Expiring money: China’s dark plans for the digital Yuan

China is the pioneer when it comes to the implementation of Orwellian technology, and its latest plans for the digital Yuan are just about as tyrannical as one could possibly imagine.

The Chinese Communist Party has long been developing a digital version, or Central Bank Digital Currency (CBDC), of the Yuan and reports have emerged that Beijing plans to make this money expire should citizens not use it for a certain amount of time.

As if the Chinese social credit score system wasn’t enough, whereby citizens are ranked on their ‘behavior’ through a variety of criteria which subsequently sees them either rewarded (like cheaper interest rates on loans) or punished (like being banned from public transport), the CCP’s control over its citizens looks to go a step further.

The (perverse) idea behind this is alleged to be the stimulation of the economy in hard times. But this digital currency is not backed by a public ledger and money can be produced and taken away with the click of a government button.

Inevitably, the digital currency will be tied into the aforementioned social credit system and be accessible through a Digital ID.

Shenzhen trials

This system has already been trialed in Shenzhen, China’s fourth biggest city. The government, back in October 2020, offered a total of 10 million yuan (nearly 1.5 million dollars) between 50,000 lucky (or unlucky) citizens.

The recipients were then forced to download a digital currency app of the government to claim the money which could then be spent in select stores in the city.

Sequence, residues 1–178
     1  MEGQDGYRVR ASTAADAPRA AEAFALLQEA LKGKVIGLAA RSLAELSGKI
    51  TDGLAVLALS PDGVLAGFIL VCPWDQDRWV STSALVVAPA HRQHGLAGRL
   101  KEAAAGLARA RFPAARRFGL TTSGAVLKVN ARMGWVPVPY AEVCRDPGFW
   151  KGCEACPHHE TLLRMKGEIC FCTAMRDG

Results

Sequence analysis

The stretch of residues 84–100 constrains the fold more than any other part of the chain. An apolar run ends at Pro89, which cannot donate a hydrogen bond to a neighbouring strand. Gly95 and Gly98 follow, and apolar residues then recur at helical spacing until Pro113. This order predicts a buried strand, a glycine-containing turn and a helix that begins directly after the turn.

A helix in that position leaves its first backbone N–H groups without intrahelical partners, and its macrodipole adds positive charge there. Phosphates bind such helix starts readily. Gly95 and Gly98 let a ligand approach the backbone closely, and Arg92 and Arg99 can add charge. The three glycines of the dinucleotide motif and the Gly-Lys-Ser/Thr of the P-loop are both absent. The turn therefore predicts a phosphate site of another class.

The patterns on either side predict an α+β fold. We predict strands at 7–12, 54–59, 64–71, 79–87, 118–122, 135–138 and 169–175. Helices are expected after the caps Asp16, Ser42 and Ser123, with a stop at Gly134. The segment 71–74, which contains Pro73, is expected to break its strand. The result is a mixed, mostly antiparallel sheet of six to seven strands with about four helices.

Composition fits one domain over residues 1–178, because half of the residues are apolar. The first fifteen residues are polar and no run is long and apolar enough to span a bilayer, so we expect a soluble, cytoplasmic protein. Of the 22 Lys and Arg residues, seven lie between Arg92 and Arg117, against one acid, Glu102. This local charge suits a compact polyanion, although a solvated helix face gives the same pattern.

China is set to expand its pilot program in 2023 to a range of other cities.

What are the implications?

Through such a system, China will ensure that its citizens will not be able to save money and accumulate wealth, making them slaves of the government.

Furthermore, unlike cryptocurrencies such as Bitcoin where there is a degree of anonymity and privacy, this is completely government-backed, meaning that the CCP will be able to monitor and track each and every single payment made by a citizen.

Undoubtedly, as a result, you can also expect that it will be possible to prevent citizens from making payments that are deemed ‘undesirable’ by the CCP.

Westerners, be prepared

While Westerners may look at news coming out of China with a bag of popcorn, disturbed yet fascinated by the direction the soon-to-be global superpower is guiding its subjects, they would be mistaken if they thought this wasn’t being planned for them in their home countries too.

The overwhelming majority of Western nations have either begun research, trials or implemented such digital currencies to some degree, and should they not meet fierce resistance from the public, they will be all too eager to go as tyrannical as possible.

“You will own nothing and be happy,” is the now famous phrase repeated by the World Economic Forum in regards to public life in the Fourth Industrial Revolution, and schemes like this help those who are still naively denying these intentions to realize the global agenda at play.